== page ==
You’ll have to forgive me if this column isn’t quite up to par. I’m coming off vacation, which is much like an alcoholic binge. Vacations can be quite a lot of fun until they end. Coming back from one is a bit like trying to get over a hangover.
My wife and I were out and about in Cape Cod and the surrounding region where if you don’t like scented candles and cranberries, you might as well stay the hell home. A lobster roll in New England is as ubiquitous and overrated as cheesesteaks and the Rocky statue in Philly. Don’t get me wrong, we had a good time.
One of the highlights of the trip was when a member of our group complained of severe constipation. My wife, upon hearing of her plight, said a “prayer” for her and minutes later the woman was rushing off to the restroom. If pro-biotic yogurt has a market, surely my wife should be able to make a profit on this newfound talent. The recipient of this “blessing” will undoubtedly be thinking of my wife whenever she goes to the loo forever more.
The other big moment of our trip occurred in Provincetown, where I apologized to an automobile. The streets of Provincetown are narrower than a redneck’s mind, and the traffic was quite heavy that morning. I was one of the tourists crowding the street, walking with my back to the flow of traffic when I felt a bump and muttered “excuse me.” It turned out that a very slow moving car had hit me with a slight thump and continued on its way. I was none the worse for the incident and at least proved to be the one with better manners.
Try as one might you can’t get away from the grim realities of the world at large, even on vacation. The horrific downing of a Malaysian airliner convinced me if one wants to extend one’s life, it would be wise to avoid using any form of Malaysian transportation unless the only alternative was a car made by General Motors.
Vladimir Putin and Russia really shouldn’t be blamed. After all, you give missiles to a bunch of nutso Ukrainian rebels and give them a crash (if you’ll pardon the expression) course in how to handle them, what could go wrong? Sort of like when we gave weapons to Osama bin Laden to fight the Soviets in Afghanistan. How did that one work out?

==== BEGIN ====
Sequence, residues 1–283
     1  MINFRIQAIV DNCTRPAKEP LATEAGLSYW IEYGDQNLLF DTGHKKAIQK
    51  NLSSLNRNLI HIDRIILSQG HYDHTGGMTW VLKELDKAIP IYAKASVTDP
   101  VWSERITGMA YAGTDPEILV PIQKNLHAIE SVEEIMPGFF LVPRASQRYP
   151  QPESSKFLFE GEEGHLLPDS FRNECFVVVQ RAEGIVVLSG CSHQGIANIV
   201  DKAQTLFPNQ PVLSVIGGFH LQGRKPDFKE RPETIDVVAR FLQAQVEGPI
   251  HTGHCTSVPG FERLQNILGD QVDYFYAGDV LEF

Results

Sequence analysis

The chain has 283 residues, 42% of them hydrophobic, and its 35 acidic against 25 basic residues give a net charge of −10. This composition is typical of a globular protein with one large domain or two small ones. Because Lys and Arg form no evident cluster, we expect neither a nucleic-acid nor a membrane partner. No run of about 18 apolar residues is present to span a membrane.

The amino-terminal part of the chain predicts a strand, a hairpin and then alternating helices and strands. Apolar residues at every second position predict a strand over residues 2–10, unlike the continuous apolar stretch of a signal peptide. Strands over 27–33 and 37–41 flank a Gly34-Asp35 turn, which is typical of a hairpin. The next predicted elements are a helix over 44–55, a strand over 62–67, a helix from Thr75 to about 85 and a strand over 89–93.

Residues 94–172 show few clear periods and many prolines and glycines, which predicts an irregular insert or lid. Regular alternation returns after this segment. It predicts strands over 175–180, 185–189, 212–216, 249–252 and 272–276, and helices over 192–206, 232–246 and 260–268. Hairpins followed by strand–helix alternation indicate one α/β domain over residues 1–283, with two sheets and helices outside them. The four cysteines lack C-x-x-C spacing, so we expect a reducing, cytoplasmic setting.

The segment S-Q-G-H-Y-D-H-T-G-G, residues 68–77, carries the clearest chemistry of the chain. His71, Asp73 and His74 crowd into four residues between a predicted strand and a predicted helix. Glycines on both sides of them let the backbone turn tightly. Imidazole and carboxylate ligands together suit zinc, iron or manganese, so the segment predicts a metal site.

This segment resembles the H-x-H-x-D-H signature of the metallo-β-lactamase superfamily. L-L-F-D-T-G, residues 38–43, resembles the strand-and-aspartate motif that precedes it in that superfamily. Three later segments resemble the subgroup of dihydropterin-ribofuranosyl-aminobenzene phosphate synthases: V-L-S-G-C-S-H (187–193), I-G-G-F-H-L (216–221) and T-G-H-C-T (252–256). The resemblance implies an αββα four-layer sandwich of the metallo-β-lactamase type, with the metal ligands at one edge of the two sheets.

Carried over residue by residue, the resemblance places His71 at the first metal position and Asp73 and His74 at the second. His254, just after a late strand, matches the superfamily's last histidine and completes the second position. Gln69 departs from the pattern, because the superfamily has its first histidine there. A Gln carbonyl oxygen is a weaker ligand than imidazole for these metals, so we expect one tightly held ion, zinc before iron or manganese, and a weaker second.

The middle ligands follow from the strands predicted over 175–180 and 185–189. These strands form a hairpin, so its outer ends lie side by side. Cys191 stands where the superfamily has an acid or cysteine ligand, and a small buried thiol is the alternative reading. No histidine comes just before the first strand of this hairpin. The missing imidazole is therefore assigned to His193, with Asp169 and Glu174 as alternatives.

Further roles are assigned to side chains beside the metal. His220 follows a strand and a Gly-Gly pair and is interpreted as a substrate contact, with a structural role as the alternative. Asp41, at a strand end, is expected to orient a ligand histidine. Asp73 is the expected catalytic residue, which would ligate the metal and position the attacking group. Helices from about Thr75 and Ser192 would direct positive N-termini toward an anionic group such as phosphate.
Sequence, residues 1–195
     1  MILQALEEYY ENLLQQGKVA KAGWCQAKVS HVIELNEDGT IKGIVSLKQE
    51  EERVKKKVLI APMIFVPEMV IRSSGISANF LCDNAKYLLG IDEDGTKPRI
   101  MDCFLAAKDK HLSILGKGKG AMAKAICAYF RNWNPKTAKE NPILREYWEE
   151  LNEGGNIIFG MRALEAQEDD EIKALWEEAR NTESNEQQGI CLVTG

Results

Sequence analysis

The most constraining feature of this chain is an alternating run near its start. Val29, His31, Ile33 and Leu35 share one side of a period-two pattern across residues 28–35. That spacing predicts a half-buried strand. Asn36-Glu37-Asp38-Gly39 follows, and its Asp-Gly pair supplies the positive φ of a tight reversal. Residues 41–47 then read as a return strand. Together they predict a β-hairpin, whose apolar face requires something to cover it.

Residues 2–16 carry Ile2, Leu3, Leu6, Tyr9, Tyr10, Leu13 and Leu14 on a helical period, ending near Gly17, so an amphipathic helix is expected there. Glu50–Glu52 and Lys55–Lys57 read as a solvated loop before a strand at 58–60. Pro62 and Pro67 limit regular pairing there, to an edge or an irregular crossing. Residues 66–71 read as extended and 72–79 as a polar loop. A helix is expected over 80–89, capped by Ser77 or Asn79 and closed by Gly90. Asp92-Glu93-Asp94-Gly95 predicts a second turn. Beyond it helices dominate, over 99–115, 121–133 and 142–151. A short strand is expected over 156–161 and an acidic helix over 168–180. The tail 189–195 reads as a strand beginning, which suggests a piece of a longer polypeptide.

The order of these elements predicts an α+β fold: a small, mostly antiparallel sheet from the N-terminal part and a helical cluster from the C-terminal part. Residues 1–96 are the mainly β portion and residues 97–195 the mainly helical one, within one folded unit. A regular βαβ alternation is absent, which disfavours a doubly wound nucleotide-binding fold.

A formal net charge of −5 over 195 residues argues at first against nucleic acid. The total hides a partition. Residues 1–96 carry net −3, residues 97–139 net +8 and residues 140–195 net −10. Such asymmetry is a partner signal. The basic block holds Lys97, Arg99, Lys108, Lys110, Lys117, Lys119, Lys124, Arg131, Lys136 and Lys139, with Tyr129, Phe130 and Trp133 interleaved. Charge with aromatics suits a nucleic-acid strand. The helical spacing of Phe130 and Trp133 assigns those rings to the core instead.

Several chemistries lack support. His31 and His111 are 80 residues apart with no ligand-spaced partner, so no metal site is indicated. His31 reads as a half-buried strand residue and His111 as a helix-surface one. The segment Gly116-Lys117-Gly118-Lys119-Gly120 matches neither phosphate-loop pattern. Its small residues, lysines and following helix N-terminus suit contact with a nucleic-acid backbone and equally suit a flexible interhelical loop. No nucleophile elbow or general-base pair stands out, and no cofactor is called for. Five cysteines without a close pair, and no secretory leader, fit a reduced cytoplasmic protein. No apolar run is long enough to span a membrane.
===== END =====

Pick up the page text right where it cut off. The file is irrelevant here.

I was shocked — simply shocked — that the Israelis and Palestinians are fighting each other again. Had there been a prior cessation in hostilities I hadn’t heard about? You have to feel sorry for our Secretary of State John Kerry. He had this plan ready for approval where both sides would live side by side forever in peace with free falafel on Wednesdays and it all fell apart much like his 2004 presidential bid. My understanding is that both Benjamin Netanyahu and the Hamas leadership balked at the requirement that they learn how to wind surf.
While we were away, our local news was quite interesting. Another local politician’s fundraising for a nonprofit was called into question. This time it was Councilman Kenyatta Johnson who seems to be blaming the problem on poor bookkeeping. This comes on the heels of some of our legislators in Harrisburg encountering the same difficulty and offering the same excuse. I’ve always been suspicious of the word “politician” and “nonprofit” being used in the same sentence. Uncle Nunzi suggests we require accounting courses for anyone seeking elective office in Philadelphia and Harrisburg.
I came across the cover story on Eagles quarterback Nick Foles by Buzz Bissinger in this month’s issue of Philadelphia Magazine. Buzz seems really peeved that Foles and his family refused to grant him an interview. He winds up concluding, after interviewing peripheral figures in the quarterback’s life, that Foles is too polite and self-effacing to become a great quarterback. Charlie Sheen offering advice on the virtues of chastity.
On our last day of vacation, we ate in a restaurant (Abe and Louie’s) located close to the site of the Boston Marathon bombing. Our waitress had been working there at the time of the attack. Moments before the bombs went off, she had walked outside the restaurant to watch the race. When the first bomb went off, she thought it was fireworks, and then the second one exploded about two blocks from where she was standing. In the ensuing chaos, she led some of the frightened people to a safe location, and in the process lost her hearing in one ear. Surgery has restored 65 percent of her hearing, although background noises sometimes now intrude into the foreground. The restaurant was closed for two weeks after the incident when the FBI moved in to investigate the crime scene.
She is a pleasant woman and appears to be in her mid-50s. No longer on any medication to treat the trauma she suffered, she told us she is fully recovered. But a serious look came over her face, and just for a moment her eyes seemed distant, as if she has been transported back to that horrific moment when the bomb exploded and her life changed forever.
And then she was back smiling and asked if we liked our burgers.
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